"The mental health agencies were closing down and going online and we said we couldn't all of a sudden shut the doors," she said. "So I came up here to help maintain some services until we could transition online."
Kaiser describes the center as an intensive outpatient program for mental health and substance abuse clients, providing mediation, organic meals, cognitive work, yoga, drumming and pottery - much of which the staff now needs to provide either online, through Zoom, or daily and weekly deliveries. Kaiser said there are an average of 12 clients in the intensive outpatient program.
"Client families needed to know we weren't shutting the doors on them until we had other services in place - such as deliveries to their homes," she said. All the clients were given smartphones and the clinic went online successfully Monday (April 6).
Like Sump - who speculates that numbers of people in crisis "will go up in the next couple of weeks - the longer this [mandated social isolation] goes on the more people reach out" - Kaiser sees this as a time of "high need."
She watched people "spin out," she described, from "fear especially - isolation is not good for anybody especially for those with mental health disorder."
Strategies for coping
Grady, the preschool teacher and student, expressed strong regret having to abandon the face-to-face relationship with his therapist. "There is a lot of power in somatic expression and face-to-face therapy and the switch to virtual therapy has a lot of variables that are difficult," he said. "I have access to this format but not everybody has that access."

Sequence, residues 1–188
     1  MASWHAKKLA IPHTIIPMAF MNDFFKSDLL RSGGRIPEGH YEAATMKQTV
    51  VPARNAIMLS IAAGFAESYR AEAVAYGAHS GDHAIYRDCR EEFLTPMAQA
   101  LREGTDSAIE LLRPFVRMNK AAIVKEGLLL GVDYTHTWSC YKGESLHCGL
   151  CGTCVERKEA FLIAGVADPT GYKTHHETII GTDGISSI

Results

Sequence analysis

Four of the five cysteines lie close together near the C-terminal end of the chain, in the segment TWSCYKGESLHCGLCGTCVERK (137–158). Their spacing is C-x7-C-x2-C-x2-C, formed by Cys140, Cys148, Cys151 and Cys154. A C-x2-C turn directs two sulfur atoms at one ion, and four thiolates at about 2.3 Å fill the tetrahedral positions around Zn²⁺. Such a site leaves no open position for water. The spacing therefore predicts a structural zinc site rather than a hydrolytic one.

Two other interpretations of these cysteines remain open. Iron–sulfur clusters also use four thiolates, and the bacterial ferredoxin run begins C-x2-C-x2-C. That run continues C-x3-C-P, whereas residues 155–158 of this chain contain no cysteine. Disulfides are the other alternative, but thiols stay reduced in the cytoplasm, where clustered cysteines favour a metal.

For single mom and accountant Amanda Dean, "the schedule really helps," she said. "One day at a time."
In terms of managing anxiety about the unknown, Mares recommended "grasping what we do have control over: healthy habits, self-care, daily routine, healthy eating, not exposure to unsafe conditions, not spending all your money - and using the web to access resources."
For parents navigating children stuck at home, who can't see their friends and do sports, Sump recommended "not to micromanage behavior. Children often act out."
She suggested: "Going for a walk, finger play, playing in mud. It's very tricky for all kids but especially for kids in domestic violence situations who don't know the coping skills and need that extra support."
As the duration of the quarantine continues, Sump emphasized: "We need to be compassionate and think outside of the box. It is going to take some creative thinking." Apple-converted-space
Grady concluded: "There's also a beautiful piece of surrendering, too - to the process and from a day-to-day basis and being able to adapt and cope with the changes without any expectations of what to do next."